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Romain Gary Literature Month: wrap-up

June 3, 2014 18 comments

I wanted to publish this a little bit earlier but work got in the way. May is over now and so is Romain Gary Literature Month. It’s time to wrap things up and give you the list of the Romain Gary billets I’m aware of. If there are some more, please let me know.

Gary_CentenaireCaroline published a billet about a collection of short stories and unfortunately, she wasn’t thrilled by them. Gary is better with novels; it seems to me his prose blooms better in longer works. Passage à l’Est re-read Education Européenne and the novel was up to her memories. It’s a good one to read. Gary wrote it while he was roasting in Africa and it’s set in the cold and snowy winter of a Poland at war. Guy wasn’t enthralled by Your Ticket is No Longer Valid. It is not one I’d recommend for a Gary beginner unless you’re also a Philip Roth fan. I hope Guy will still want to try another one. Vishy loved Promise at Dawn and he’s willing to read The Roots of Heaven and White Dog. Déborah read Le Vin des morts. This is an early novel that had never been published. It’s been released for Gary’s centenary and now I need to read it too. I’m curious about it and Gary fans seem to like it. James Henderson re-read The Roots of Heaven and wrote an excellent review of Gary’s first Goncourt. And I read White Dog, the English version of Chien Blanc. My billet is here; it’s really excellent and I highly recommend it. (the book, not the billet)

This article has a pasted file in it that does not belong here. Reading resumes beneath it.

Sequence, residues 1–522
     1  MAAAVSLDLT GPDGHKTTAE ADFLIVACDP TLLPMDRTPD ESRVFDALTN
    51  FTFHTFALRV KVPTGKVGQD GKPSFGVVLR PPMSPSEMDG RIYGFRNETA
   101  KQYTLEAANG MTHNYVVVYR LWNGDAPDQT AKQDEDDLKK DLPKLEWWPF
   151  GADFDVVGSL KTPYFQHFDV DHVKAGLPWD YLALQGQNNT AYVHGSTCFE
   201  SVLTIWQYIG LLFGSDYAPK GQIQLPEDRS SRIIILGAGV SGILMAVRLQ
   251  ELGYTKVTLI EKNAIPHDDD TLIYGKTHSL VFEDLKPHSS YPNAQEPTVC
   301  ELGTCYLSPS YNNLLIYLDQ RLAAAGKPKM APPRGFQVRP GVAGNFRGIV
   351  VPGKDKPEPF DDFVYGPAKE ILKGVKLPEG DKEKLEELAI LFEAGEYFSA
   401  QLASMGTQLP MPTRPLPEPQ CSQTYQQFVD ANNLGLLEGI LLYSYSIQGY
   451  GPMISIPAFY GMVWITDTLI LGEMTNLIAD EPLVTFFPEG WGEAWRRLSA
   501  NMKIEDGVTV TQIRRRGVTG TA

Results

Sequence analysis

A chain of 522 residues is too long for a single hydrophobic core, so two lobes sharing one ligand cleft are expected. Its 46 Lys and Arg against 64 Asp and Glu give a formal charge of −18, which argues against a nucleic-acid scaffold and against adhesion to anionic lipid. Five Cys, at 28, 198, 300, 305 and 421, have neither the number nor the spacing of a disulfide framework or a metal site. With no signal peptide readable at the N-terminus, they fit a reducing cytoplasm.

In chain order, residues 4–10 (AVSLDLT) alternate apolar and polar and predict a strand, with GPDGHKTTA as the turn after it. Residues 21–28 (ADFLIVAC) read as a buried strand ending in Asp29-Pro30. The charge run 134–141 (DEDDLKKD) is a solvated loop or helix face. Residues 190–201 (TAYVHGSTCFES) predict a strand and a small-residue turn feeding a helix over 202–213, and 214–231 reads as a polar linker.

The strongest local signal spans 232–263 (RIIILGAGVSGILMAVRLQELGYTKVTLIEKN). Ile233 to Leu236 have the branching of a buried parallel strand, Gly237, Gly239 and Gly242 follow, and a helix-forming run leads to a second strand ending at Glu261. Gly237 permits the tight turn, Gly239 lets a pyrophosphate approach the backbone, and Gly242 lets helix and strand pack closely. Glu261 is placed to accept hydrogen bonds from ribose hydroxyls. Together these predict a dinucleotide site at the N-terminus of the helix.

Thanks to all of you for participating, reading or re-reading my favourite author. I will add links to you blogposts on my new page Reading Romain Gary. For late bloomers or late participants, let me know if you write something about him and I’ll add it to the page.

Meanwhile in France, his centenary was well celebrated. The great news besides Le Vin des morts is that Romain Gary’s work will be published in the edition La Pléiade. For non-French readers, La Pléiade is a luxurious edition of literature. It’s an honour for a writer to have his books in this collection. It is named after the famous group of French Renaissance poets. Gary would be proud to be edited in this collection, I think. For book publishing, it’s like royalty. Gary’s publisher Gallimard edited special bookmarks for the occasion and I’m glad my favourite independent bookstore gave me a set. Finally, bookstores celebrated the event, like here in Divonne-les-Bains:

 librairie_Gary

If you want to know more about Gary’s celebration in France, have a look at Delphine’s blog Romain Gary & moi.

I hope other readers will discover him, just like one of my friends recently did. She’s on her way to read them all.

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